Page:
Friday, February 3, 2012

On "Sir Arne's Treasure"

Keith Richards once said, every night there's a different world's greatest band in a different greatest venue. I agree. I don't know about tonight at the Fillmore, or next week at Webster Hall, or some night next month at the Whiskey. But on Tuesday night, that band was the Mountain Goats. On Tuesday night, the venue was the Castro Theatre.

** **

The night was special from the start, a showing of the 1919 Swedish silent movie Sir Arne's Theater, with the Mountain Goats providing the soundtrack. The San Francisco Film Society does this thing every year. One year it was Black Francis. Last year, it was Stephen Merritt from Magnetic Fields. I went to that one. It was interesting, I guess. A good anecdote. Tuesday night with the Mountain Goats, though. Tuesday night is historical.

Being the Castro and all, the show starts with the sounds of an ancient organ. A Mighty Wurlitzer pipe organ. We might as well be in 1958, the rolling, strolling melodic organ music filling the aged hall. A few minutes after eight, some guy from the San Francisco Film Society stands up front and speaks a few words about the series, and the film. Best print in the world. Sub-titles. Yeah, yeah, yeah. I'm here for the main event. I am here for the music.

Soon enough, the lights lower and the show starts quietly. John Darnielle sneaks into the pit and behind the piano, barely moving, slipping through the shadows. The film starts to roll and Mr. Darnielle watches with us, waiting for a cue. His fingers touch the ivory and a quiet tune begins, slowly, almost silently. Mr. Darnielle begins to sing, slowly, almost silently. The night begins. The set then moves between solo piano and solo guitar, between songs from the seminal Mountain Goats album, Sweden, and the great, infamous, never released Hail & Farewell Gothenburg. Some of the words sound familiar, some of the melodies do, too. And somehow they are completely new to me. Songs I've heard one hundred times are completely new to me.

The movie is a good one, I suppose, some romp through the Scottish countryside. Trees and snow. A betrayed woman. A cranky old lady. The print is crystal clear. The landscapes are rolling and wonderful. It means almost nothing to me, though. I am here for the music. And the music is good. The music is special.

Maybe half way through, the shadows of three men slither into the front row. Another minute passes and the three shadows creep into the pit, and gather up their instruments. An electric guitar. An upright bass. A small drum kit. The solo performance morphs into a quartet. The music starts quietly, slowly begins to grow. The name of the song is The Recognition Scene, a classic from the Sweden album. It rocks in a way I have never heard a band rock. It grows bigger and bigger, louder and louder. It is bigger than the venue. It is bigger than the whole goddamn city. I'd continue down this line, but I don't want to start getting into hyperbole.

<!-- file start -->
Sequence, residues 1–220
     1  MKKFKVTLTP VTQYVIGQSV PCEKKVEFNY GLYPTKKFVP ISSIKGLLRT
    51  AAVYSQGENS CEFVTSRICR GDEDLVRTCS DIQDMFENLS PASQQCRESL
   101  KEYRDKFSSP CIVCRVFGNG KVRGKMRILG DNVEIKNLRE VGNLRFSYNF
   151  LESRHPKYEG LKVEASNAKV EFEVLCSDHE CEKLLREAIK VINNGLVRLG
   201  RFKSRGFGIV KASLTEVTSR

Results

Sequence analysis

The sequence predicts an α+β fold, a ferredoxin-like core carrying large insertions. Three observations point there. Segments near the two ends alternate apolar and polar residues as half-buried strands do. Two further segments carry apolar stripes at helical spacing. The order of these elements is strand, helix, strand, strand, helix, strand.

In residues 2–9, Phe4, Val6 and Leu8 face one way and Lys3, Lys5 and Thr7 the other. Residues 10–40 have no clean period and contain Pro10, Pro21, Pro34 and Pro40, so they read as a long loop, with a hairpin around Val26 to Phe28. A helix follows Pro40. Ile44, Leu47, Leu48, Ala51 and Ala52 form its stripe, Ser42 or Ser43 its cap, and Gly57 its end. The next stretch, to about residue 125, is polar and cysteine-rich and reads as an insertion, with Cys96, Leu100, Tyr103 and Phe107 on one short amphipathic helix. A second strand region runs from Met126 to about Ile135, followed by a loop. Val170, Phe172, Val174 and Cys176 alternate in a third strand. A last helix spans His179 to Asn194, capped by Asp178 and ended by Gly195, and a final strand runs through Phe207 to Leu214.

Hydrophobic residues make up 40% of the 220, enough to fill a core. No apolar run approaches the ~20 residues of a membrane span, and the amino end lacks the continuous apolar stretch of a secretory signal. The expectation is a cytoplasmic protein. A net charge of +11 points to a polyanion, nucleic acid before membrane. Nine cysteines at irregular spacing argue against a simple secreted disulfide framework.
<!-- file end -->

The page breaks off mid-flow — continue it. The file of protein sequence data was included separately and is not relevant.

The guys on the stage are having a great time, maybe a better time than me. John Vanderslice with his axe slung over his shoulder, churning out chords and notes, grinding them out. The skins are covered by Jason Slota, he is hitting them hard when the clouds are dumping rain on the screen; he barely scratches them as our heroine cries, slowly dies. The beat is kept, too, by Jamie Riotto, on stand-up bass. He is furious and subtle, pounding and poetic. The venue is buzzing. The night will last forever. The night is over in fifteen minutes. It is over before it began.

Truth be told, the set lasts about an hour twenty. It might as well have been five minutes. It was that seamless. There is no encore, but there are no encores in movie theaters. I walk out into the cold San Francisco air. The lights of the sign above me are bright, Castro above me. I feel the cold air on my skin. I look east. I look west. I collect my thoughts. I know what I have just seen, but it has not quite registered.

** **

People will surely look back years from now, listening to digitized versions of the show, dissecting and dicing every word, every note, trying in vain to touch the evening. I already found a copy on the web. It is going to be one of those recordings. The myth will become bigger than the music. The legend will grow larger than the night. Still, looking back just twenty-four hours later, I don't see how it could be. That's why, for last night at least, the Mountain Goats had their night, at the Castro Theatre, as the "world's greatest band." Keith sure knows what he is talking about.

By P. William Grimm. Mr. Grimm makes his home in San Francisco’s Mission District. A collection of his short stories, Valencia Street, available at, was published in 2011. His novel The Seventh was published in 2009, and his writings have been published in multiple on-line literary journals such as Annalemma Magazine and Eclectica.

Photograph, Corey Denis © 2010.

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